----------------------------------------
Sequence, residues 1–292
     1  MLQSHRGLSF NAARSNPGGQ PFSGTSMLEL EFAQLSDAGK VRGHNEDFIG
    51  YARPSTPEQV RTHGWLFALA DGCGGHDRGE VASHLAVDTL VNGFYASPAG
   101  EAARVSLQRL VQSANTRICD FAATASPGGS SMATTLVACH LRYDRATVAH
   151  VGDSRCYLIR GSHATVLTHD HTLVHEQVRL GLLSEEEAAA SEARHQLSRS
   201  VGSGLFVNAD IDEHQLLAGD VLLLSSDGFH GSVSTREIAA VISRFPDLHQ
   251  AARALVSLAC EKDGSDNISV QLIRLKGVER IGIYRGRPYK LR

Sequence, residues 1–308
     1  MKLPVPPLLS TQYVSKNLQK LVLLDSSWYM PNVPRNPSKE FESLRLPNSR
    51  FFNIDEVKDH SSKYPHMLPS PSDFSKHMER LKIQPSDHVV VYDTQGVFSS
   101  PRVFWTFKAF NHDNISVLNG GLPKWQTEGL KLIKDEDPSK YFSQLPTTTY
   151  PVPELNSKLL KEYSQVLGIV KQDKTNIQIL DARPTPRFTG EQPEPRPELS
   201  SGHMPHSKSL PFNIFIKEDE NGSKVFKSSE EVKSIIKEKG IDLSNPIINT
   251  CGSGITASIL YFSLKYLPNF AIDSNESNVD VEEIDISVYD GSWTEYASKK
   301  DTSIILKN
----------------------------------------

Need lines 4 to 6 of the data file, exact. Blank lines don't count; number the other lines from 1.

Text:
   101  EAARVSLQRL VQSANTRICD FAATASPGGS SMATTLVACH LRYDRATVAH
   151  VGDSRCYLIR GSHATVLTHD HTLVHEQVRL GLLSEEEAAA SEARHQLSRS
   201  VGSGLFVNAD IDEHQLLAGD VLLLSSDGFH GSVSTREIAA VISRFPDLHQ